Best Original Song: Probably “Til It Happens To You” by Diana Ross and Lady Gaga from the documentary, The Hunting Ground. “The Writings on the Wall” is a mediocre Bond theme (sorry, Sam Smith; it wasn’t a worthy follow-up to Adele’s Oscar-winning “Skyfall”). And it’s the year of the Gaga.

Best Original Score: John Williams’ iconic score for Star Wars is nominated, again. Perhaps the Academy should award someone else? How about The Hateful Eight? I heard it was good (but wasn’t able to see it yet).

Best Costume Design: Mad Max: Fury Road

Best Production Design: Mad Max: Fury Road (God was the production designer for The Revenant. Amen.)

Best Film Editing: The playfulness in The Big Short‘s story-telling is lend by its uncanny editing but the magic of this technical element is best displayed in Mad Max: Fury Road. The car chase throughout the film was never a bore; in fact, it’s the adrenaline-filled interplay of action, thrill and suspense that made me so alive.  

Best Cinematography: While I had locked this category for Mad Max: Fury Road, Emmanuel Lubezki’s work in The Revenant was so admirable that he deserves a back-to-back-to-back Oscar. It’s probably the only legit part that I like about the film.

Best Documentary FeatureAmy

Best Foreign Language Film: Son of Saul (Hungary)

Best Animated Feature: Inside Out

Best Adapted Screenplay: If the Academy is daring enough, it’d pick Room which is my second choice. But it would probably go to WGA winner, The Big Short.

Best Original Screenplay: Nice to see Ex Machina and Inside Out land nominations but I’m all for Spotlight.

Best Supporting Actress: Isn’t it sweet to have Leo and Kate Winslet win in the same year? But I’m going for my girl Alicia Vikander in The Danish Girl.

Best Supporting Actor: Sylvester Stalone‘s return as Rocky Balboa in Creed could sway a sentimental vote. The neurologist-fund manager with an artificial eye and Asperger syndrome that Christian Bale becomes for The Big Short comes as second. I still wished Jacob Tremblay was nominated; he was the heart of Room.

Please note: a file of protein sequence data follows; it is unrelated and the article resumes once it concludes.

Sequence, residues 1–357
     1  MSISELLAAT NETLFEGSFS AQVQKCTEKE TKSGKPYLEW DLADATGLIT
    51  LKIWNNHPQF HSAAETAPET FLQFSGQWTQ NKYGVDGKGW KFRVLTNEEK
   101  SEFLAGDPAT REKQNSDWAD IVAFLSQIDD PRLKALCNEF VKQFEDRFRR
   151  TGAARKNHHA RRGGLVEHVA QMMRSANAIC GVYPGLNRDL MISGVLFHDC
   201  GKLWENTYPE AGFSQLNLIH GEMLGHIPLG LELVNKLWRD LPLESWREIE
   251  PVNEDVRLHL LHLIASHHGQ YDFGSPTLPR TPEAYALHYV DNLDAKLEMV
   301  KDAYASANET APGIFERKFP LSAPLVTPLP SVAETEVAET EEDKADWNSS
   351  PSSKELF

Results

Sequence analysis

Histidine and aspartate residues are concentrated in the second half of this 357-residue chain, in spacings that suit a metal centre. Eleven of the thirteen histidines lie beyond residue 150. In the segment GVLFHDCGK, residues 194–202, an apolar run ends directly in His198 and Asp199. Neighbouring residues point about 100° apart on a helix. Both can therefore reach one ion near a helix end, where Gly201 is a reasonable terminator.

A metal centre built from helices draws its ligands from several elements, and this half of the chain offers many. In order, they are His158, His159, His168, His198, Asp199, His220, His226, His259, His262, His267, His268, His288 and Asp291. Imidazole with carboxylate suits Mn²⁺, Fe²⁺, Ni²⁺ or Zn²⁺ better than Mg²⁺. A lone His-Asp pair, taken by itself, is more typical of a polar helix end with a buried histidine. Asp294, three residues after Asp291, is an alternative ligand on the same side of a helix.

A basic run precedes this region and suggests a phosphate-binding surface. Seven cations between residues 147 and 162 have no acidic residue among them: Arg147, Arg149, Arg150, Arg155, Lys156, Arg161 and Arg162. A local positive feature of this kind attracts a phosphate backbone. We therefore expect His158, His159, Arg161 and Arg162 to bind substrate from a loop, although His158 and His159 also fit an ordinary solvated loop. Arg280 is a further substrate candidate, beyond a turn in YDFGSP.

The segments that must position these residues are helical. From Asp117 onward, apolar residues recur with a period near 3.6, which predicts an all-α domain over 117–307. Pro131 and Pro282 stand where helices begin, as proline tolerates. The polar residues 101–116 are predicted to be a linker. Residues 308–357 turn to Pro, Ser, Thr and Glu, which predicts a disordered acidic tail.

Best Actress: Congratulations to one of the youngest Best Actress winners, Brie Larson for Room! The edginess and vulnerability she display creep under the skin that her portrayal of ‘Ma’ is unnerving to the point of frustration. But knowing what her character had gone through, she deserves it. (Still, my heart goes to Saoirse Ronan who tugged my heartstrings in Brooklyn).

Best Actor: He knows it. He can feel it. It’s a long time coming for Leonardo DiCaprio whose committed performance in The Revenant is… Okay, he deserves to win with respective to his fellow nominees but we can agree that this is not his best performance of his career. Right?

Best Director: All the way for George Miller who is the true visionary for Mad Max: Fury Road.

Best Picture: I can’t say which film had done this before but for the past years, the eventual Best Picture winner also won a Screenplay award. In that case, the Oscar odds are in favor of The Big Short and Spotlight. BUT a win for Alejandro Innaritu as Best Director (after receiving the DGA award) locks the plum prize for The Revenant which is not nominated in the Adapted Screenplay category (see the conundrum?). Nevertheless, as I stay true to which film should win, my Best Picture goes to 2015’s extraordinary masterpiece, Mad Max: Fury Road.

 

 

P.S.

I’m more likely wrong on the supporting actor categories but I’m counting on Mad Max: Fury Road to earn the most number of Oscar wins while The Revenant to spoil the night 😛

Film Diary: Honor Thy Father

The titular fourth commandment (less the maternal figure) induces an ominous presence in Director Erik Matti’s latest dramatic thriller. The trailer, after all, glimpses on the misguided (and possibly corrupted) spirituality that surrounds John Lloyd Cruz’s character. But while the fictitious sect – the Church of Yeshua Our Savior (CYOS) is the film’s direct religious reference, this god (or any other deity) has no place in this bleakly toned, excellently executed, and subtly compelling film whose only struggle, unfortunately, is the receding commercial release. It was a rare pleasure to see an anti-hero unravel onscreen (and for Cruz to become one). And while the film can be borderline unapologetic that does not aim to please, HONOR THY FATHER is an extraordinary gift the Filipino cinephile has yearned for.